JayKominek Basically set the pico up to spit data 4 bits of data out at a time, along with bit and word clocks, then snarf all of that up and process it.
Thanks that looks like an interesting piece of equipment.
JayKominek How fast are you able to write off the SD card?
In theory the pico SPI's bus in controller mode can go at 62.5 Mbps or short of 8MiB/s which would be plenty. However the pico SPI's bus in device mode can only go as fast as 11Mbps or not even 1.5MiB/s. Not that I am using that mode for the SD card, just mentioning the specs (which would apply if I hooked picos together, which I may eventually do, since the I2C which I am using now can only go about 100kiB/s)
With my SD card, accessed via DMA and not doing anything else at the same time on the pico, I can write (occasionally) up to 750kiB/s, and regularly and sustained around 500kiB/s, which is the same obtained by the author of the library I am using (considering file size too). Yes, I wired it with extremely short and as straight as possible cables (soldered, not jumpers). Not full throttle of what the ADC is able to produce (especially if I want to add time information, which I do) but perhaps adequate. In my naive code, I am just taking samples off the ADC with calls to
adc_read which is not ideal for speed but it's extremely convenient. Then passing them to the SPI bus. With that, I'm getting around 250kiB/s, sustained. As I wrote above, I should be able to double that with less naive utilization of the ADC (at least continuous mode and DMA, perhaps interrupts too).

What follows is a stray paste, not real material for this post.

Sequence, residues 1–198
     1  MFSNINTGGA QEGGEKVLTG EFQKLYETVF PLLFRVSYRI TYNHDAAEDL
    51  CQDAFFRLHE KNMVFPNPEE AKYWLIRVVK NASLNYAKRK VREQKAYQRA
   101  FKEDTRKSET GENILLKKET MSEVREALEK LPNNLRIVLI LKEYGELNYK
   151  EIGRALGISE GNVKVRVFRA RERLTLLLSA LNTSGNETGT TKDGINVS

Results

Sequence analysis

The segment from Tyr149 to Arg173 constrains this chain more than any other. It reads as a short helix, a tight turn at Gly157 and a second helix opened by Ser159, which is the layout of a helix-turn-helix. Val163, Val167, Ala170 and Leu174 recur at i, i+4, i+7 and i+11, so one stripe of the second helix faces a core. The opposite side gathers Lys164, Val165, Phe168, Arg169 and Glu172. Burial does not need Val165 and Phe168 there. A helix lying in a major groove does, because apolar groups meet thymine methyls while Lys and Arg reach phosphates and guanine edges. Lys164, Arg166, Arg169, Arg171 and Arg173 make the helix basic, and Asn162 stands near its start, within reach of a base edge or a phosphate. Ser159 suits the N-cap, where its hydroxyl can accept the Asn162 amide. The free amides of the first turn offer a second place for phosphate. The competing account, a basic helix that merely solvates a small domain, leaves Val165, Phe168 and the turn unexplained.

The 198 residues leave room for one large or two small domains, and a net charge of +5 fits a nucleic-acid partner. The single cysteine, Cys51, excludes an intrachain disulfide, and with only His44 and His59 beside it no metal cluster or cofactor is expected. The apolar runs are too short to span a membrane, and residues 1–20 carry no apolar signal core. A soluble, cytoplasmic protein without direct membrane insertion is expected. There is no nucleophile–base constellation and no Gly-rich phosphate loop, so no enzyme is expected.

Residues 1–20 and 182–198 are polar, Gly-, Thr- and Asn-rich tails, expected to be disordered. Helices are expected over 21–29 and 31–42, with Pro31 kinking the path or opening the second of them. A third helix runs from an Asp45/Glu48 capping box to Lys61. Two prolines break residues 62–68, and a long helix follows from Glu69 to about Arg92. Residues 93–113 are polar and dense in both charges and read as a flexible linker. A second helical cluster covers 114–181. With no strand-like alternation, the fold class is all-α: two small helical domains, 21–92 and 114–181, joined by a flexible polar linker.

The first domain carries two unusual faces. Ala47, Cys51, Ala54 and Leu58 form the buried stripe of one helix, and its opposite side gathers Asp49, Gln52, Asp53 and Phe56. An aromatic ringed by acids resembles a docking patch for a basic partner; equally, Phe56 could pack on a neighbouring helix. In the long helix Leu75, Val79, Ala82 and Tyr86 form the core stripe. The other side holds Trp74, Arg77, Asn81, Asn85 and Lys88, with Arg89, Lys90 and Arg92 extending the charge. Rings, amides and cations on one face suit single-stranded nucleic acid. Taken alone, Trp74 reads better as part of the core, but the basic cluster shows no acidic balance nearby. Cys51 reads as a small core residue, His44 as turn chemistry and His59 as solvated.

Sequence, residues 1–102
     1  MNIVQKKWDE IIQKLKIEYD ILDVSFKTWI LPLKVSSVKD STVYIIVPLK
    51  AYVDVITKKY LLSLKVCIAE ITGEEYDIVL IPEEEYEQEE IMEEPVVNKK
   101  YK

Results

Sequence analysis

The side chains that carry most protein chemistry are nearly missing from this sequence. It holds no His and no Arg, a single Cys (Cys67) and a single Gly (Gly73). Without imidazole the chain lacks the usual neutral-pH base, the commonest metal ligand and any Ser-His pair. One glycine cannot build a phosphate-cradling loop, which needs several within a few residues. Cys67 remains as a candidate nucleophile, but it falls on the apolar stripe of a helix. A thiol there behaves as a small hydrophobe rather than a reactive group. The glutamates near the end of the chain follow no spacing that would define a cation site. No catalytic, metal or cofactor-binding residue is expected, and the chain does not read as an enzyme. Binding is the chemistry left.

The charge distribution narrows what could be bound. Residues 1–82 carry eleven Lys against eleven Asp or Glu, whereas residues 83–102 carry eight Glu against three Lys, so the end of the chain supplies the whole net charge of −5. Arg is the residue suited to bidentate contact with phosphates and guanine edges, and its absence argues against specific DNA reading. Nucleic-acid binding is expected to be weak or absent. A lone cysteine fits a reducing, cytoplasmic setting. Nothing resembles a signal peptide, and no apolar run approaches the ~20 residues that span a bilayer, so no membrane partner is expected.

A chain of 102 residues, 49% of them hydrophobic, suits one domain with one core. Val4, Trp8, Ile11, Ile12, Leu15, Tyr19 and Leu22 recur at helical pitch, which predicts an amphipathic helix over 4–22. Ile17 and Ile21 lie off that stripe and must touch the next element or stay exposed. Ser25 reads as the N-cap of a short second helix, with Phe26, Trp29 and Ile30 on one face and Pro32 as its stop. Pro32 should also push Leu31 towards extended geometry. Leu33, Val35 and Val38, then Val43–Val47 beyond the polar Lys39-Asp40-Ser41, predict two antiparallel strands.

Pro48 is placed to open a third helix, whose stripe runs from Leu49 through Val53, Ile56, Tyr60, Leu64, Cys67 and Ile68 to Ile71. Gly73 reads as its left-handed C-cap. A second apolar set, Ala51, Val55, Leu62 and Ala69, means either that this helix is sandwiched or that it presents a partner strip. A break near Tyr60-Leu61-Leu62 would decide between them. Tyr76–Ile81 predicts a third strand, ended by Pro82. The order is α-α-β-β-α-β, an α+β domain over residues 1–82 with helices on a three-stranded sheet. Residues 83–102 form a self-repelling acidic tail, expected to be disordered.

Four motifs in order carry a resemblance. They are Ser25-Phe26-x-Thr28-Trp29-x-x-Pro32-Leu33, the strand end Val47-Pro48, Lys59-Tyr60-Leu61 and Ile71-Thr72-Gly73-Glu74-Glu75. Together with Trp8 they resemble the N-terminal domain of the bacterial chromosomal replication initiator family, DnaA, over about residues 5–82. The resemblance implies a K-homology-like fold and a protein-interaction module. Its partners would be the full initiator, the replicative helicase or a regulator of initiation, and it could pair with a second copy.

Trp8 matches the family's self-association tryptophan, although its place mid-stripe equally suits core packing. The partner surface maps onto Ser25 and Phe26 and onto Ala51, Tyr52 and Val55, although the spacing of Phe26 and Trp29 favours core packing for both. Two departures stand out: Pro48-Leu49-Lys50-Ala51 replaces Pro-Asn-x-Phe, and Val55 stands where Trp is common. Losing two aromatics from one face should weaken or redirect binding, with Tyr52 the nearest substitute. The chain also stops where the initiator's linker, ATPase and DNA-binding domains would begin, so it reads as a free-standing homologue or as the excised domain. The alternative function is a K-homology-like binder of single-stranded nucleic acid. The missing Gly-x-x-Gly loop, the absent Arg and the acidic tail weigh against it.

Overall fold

However I don't want to spend time on this unless somebody tells me it's really needed to analyize the data and prove we need such fast reading. Programming the Pico for regular code is a joy. Programming the I/O and the more sophisticated features is an exercise in frustration. For example, it took me weeks to figure out that in device mode, the Pico cannot transmit via I2C, only receive. That is a severe limitation which should be stated in boldface in the datasheet and/or the SDK. Instead both contain documentation claiming that it works just fine! See in this comment how frustrated I was with the issue. And see https://github.com/davidedelvento/Rpi-pico-i2c-example if you care to investigate this particular issue yourself. As such, as I said above, I am not engaging in more advanced Pico programming unless they are proven (or at least speculated) necessary.
n-player I knew the Pico was slow on the IO
Well, it's a tiny board. The CPU is ok. It has just a bit above 256kiB of memory (kilobytes! You can print the content of all its memory on a small fraction of a ream of paper!!!) -- it does not have an OS: your program is the only thing that run on the thing. It does not have the SD card slot or interface: you have to solder or connect with jumper wires via a legacy bus. It's like becoming young and using the C=64 again 🙂
n-player thought there might be a possibility to tweak a bit better performance if you were using an old or junk SD card.
Yes, got it and thanks, appreciated 🙏
@CyberGene may you please move the last 5 posts (including this one) from this conversation into a "Raspberry Pico hw discussion"? This velocity mapping thread is already unwieldy and we need to continue discussing that topic with focus, keeping these digressions separate. Thanks!